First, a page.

14 Figure 12 Estimated Savings from B2B E-Commerce of Firms in the U.S. 40% 35% 30% 25% 20% 15% 10% 5% 0% Source: Goldman Sachs, in Business Week, January 17, 2000, p. 37 One additional way to gauge the impact of internet technology on traditional economy firms is in terms of the underlying price elasticity of demand. Goods and services marketed through the internet tend to be far more competitive than those that are marketed through traditional channels. Consumers at the household and firm level have access to low cost price comparisons that search engines make available to them. As a result, goods and services most likely to be marketed through the internet tend to have higher own-price elasticities of demand than those that are not. Using the data from Figure 12, and estimates of the own-price elasticity of demand, we find a correlation of 0.82, and which is summarized in Figure As such, internet goods tend to be more competitive than those that operate through more segmented markets. Moreover, outside of transportation and distribution costs that generally rely on traditional technology, there is relatively little room for price discrimination. 3

15 Figure 13 Internet Purchase Frequency and The Own-Price Elasticity of Demand Software Air tickets CDs, tapes, albums PC peripherals Books Clothing Hotel reservations 1.50 Videos Cars Wine/specialty 1.00 Consumer gifts Housewares/home Movie Flowers tickets electronics appliances 0.50 Office Other supplies travelrelated items Sporting goods Insurance Event products tickets Frequency of Goods Purchased Through Internet Own-Price Elasticity of Demand Source: The Economist, 2/26/00, p. 12, Various studies on the Own Price Elasticity of Demand As traditional economy sectors rely more on internet technology, there may be changes in the degree of competition. Thus far, there is little evidence to suggest that rising concentration will result from greater use of internet technology as the size of markets expands from local, to regional, national, and international scale. However, this may not be the case where the internet technology producing sector is concerned. The Internet Technology Producing Sector As noted above, while the internet serves as a way to market goods and services in the traditional economy sector, it also functions as a market where internet technology itself is produced and sold. Computer software and hardware represent one of the most important markets thus far in internet sales, and in turn contributes to the expansion of capacity for the marketing of traditional economy goods and services. While the internet technology producing sector shares with the traditional economy consuming sector a relatively high own-price elasticity of demand for many products, there are distinctive features that raise questions for the optimal pricing of resources. These characteristics are: network externalities, bundling, traffic congestion, and bias in taxes and subsidies. We treat each in turn.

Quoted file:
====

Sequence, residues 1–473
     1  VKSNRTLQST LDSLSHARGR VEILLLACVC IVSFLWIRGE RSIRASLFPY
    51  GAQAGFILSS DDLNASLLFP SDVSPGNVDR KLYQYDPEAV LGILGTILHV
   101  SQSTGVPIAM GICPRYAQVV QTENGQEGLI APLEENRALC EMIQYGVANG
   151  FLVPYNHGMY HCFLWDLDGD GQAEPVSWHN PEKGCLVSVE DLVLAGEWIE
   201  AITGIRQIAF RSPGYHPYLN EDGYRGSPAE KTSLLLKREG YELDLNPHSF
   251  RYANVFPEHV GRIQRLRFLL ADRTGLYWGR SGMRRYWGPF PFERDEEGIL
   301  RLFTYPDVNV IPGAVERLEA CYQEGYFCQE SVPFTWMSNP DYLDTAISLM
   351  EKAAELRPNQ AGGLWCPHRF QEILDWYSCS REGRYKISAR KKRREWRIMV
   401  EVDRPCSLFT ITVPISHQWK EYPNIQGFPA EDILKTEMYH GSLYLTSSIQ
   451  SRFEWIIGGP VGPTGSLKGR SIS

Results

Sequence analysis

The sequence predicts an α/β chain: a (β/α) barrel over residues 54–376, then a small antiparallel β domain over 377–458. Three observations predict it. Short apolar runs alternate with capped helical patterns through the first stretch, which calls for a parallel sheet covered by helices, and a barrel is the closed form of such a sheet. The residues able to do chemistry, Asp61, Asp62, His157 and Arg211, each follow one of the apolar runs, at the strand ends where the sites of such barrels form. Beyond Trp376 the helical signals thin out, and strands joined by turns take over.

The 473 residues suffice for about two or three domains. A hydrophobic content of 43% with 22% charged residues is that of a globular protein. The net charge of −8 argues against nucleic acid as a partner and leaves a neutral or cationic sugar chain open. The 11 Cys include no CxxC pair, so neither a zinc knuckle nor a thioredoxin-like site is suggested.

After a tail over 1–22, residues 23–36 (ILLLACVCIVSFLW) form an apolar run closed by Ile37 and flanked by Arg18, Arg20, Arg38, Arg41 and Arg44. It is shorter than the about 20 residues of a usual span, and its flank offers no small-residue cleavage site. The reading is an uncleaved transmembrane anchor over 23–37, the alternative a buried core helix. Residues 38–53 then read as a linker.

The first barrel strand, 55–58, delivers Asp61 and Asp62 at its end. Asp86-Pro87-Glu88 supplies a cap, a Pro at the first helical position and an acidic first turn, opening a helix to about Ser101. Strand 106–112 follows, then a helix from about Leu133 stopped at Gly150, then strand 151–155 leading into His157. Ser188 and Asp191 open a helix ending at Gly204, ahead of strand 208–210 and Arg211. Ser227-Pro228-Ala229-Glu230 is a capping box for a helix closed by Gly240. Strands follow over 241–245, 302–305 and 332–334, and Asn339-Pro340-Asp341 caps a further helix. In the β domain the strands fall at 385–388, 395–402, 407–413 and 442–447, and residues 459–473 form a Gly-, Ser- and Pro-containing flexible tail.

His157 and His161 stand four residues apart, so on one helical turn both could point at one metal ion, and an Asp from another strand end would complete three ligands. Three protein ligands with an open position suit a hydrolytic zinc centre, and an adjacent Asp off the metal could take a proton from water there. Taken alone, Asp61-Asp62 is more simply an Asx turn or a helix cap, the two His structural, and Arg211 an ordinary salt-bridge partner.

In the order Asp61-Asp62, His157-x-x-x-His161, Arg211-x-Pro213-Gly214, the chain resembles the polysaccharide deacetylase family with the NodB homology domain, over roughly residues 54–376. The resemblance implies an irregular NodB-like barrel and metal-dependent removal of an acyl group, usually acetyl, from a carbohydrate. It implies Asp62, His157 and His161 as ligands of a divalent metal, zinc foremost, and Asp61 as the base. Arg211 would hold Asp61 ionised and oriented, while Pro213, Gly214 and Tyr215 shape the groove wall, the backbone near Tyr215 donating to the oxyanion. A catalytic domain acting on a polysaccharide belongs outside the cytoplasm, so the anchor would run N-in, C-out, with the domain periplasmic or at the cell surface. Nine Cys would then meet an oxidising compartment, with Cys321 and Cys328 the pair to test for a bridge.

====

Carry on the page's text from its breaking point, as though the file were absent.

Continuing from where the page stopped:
16 Network Externalities A network exists when the value of a product to the user increases as the number of users of the product grows. Each user derives private benefits from the purchase of an additional good, but this also confers network external benefits on existing users. Examples of such network externalities include operating systems for desktop and mainframe computers, computer instructional chips as well as desktop applications that permit easier and more rapid sharing among users in a network environment. Where heterogeneous networks exist, there may be an under-supply of a given technology, thus causing market failure. In the presence of network externalities, internet firms often seek to gain early advantage in a market to ensure future growth of revenues and profits. Much of this behavior builds on the framework of transactions costs that shape firms and markets first put forth by Coase (1937), and more recently by Williamson (1975). Where there may be significant switching costs and imperfect information on alternatives, markets acquire path dependence on a given technology, regardless of whether it is superior or inferior to alternative ones (Arthur, 1989, 1990, 1994). As a result, a firm may acquire a dominant position as consumers and compatible producers seek to exploit the presence of network externalities in crafting new products and choices. What does not follow is that a firm may have done so through initial dominance in a market, or even a technically superior product. 4 Chance events can create path dependence that tips the market against technically superior alternatives, and are more likely in the presence of significant switching costs, imperfect information in general, and asymmetric information in particular. 5 Thus, while Microsoft today is charged with violating antitrust laws, it only gained path dependence against initially successful competitors such as Apple, Sun, and CPM when IBM contracted out to Microsoft for an operating system for its desktop computer system launched in Such chance events could equally disrupt the dominant position of a firm today as new technology is introduced. Thus, one of the characteristics of internet markets is the rapid proliferation of new technological innovations as firms seek to achieve path dependence in hopes of eventual dominance as network externalities are created and realized. Not all network externalities are positive. Proliferation of unsolicited fax or messages constitute a form of electronic junk mail that does not necessarily enhance consumer satisfaction. Shimon (1996) points to the reduction in economic efficiency arising from junk mail. Similarly, network congestion from highly variable traffic creates